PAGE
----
UrbanTurf Reader Asks: Why Do Condo Developments Restrict Re-Sales?

by Mark Wellborn


In this week’s installment of UrbanTurf Reader Asks, a reader who has been looking to buy a condo in the DC area wonders why certain developments restrict re-sales within the first few years following the date of settlement:

“I have been looking at condos in DC and the Maryland suburbs for the last six months. I am interested in both large and small developments, but there seem to be many more options in large new buildings in the DC area. What bothers me about these places is that many restrict the owner from putting the unit back on the market for at least two years from the date of settlement.

Is this common, and if so, is there any way around it?”

Post your thoughts in the comments section. If you would like to submit a question for UrbanTurf Reader Asks, send an email to .(JavaScript must be enabled to view this email address).

See other articles related to: urbanturf reader asks, dclofts

This article originally published at http://dc.urbanturf.com/articles/blog/urbanturf_reader_asks_why_do_condo_developments_restrict_resales/1030


  1. george said at 5:23 pm on Tuesday June 16, 2009:

    It all has to do with occupancy and the developer’s bottom line. They don’t want you putting your home on the market at a competing price when they still have units to sell.

  1. CondoAuthority.com said at 9:38 am on Wednesday June 17, 2009:

    Ditto to what George said.  Regarding “ways around it” there are typically provisions in the developers’ contracts that allow for exceptions based on certain hardships (job loss or significant reduction of income, job relocation, or other unique circumstances).  This really shouldn’t be much of a concern for most people as you probably shouldn’t buy a home if think you’ll need to sell in less than two years.  And, if something unforeseen arises with your situation, then that would probably be a qualifying exception.  You could also make your offer to purchase contingent on this resale restriction being removed or at least shortened.  Sounds like a reasonable request to me…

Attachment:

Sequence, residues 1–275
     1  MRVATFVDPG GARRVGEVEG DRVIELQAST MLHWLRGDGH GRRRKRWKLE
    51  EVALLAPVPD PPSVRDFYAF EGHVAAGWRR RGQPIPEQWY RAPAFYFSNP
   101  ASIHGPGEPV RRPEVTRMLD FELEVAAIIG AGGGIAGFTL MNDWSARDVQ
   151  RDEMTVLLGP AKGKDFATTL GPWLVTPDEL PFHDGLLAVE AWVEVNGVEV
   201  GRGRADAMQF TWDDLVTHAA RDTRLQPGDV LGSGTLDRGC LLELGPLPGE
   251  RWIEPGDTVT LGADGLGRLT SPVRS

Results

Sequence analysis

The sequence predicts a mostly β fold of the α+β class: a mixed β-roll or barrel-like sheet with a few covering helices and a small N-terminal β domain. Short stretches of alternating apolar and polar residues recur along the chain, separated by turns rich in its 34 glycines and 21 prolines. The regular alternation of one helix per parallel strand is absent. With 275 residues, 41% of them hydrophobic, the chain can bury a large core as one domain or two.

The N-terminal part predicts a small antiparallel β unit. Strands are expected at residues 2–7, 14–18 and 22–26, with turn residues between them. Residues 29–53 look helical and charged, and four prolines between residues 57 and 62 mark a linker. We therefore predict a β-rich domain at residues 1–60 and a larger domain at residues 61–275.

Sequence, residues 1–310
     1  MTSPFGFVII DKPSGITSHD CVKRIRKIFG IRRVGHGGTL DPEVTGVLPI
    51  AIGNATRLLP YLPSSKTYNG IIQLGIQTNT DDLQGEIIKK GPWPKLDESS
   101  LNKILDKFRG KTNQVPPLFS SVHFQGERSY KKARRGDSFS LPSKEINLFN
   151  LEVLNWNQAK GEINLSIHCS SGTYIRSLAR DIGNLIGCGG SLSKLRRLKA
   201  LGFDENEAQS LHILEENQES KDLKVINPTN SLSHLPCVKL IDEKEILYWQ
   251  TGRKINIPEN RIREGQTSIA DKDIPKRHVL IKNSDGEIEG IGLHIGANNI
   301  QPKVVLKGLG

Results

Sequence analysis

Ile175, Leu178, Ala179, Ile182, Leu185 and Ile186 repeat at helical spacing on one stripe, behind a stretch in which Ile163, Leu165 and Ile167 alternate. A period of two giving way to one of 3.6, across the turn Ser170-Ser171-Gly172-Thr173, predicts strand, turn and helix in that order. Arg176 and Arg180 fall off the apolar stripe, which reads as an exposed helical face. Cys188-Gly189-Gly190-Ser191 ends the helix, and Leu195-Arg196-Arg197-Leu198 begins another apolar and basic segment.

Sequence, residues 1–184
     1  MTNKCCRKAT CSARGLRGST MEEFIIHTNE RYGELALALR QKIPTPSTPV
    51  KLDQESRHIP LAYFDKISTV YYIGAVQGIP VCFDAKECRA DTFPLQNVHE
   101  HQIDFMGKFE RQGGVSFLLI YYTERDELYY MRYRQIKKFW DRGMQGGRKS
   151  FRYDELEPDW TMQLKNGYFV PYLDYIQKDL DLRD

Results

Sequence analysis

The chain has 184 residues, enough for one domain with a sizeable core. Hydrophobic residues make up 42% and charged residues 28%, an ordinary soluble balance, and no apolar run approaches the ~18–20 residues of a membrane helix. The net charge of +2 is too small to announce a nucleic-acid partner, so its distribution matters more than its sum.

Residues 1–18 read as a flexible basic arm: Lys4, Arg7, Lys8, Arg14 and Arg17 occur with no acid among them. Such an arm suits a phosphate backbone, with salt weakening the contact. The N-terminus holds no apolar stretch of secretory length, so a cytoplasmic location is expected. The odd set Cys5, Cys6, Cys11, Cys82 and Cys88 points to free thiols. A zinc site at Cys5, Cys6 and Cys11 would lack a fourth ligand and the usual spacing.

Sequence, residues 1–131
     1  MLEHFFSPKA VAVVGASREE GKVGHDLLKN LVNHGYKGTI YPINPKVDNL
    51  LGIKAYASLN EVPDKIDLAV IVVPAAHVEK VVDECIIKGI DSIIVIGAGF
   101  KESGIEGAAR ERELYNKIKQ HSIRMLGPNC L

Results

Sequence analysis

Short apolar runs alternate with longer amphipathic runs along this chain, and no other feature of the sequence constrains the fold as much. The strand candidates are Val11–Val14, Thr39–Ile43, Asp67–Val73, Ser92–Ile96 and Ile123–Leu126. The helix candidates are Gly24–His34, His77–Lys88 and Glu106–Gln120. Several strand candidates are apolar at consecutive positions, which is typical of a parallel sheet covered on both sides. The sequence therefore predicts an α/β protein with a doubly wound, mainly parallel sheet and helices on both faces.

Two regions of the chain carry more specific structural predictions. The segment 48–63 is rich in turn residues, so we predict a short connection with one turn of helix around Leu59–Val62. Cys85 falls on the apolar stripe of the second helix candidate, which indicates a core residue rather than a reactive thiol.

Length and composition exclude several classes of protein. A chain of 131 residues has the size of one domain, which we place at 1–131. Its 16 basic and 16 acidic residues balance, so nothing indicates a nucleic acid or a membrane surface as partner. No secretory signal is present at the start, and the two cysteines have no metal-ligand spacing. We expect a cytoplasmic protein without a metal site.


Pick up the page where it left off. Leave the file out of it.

1. Georgetowner said at 1:39 pm on Wednesday June 17, 2009:

    I think it also deals with financing.  From talking with my mortgage guy, it’s apparently easier to finance a condo in a building where a majority of residents are owners as opposed to tenants.

  1. jackson said at 9:06 am on Friday June 19, 2009:

    metropolis had this clause in every unit they sold and not once did they bring a suit against anyone who resold. once you own the unit, you can do what you like once you settle. it wouldn’t hold up in court, as once the transaction happens, that purchase contract considered fully executed and is null invoid.

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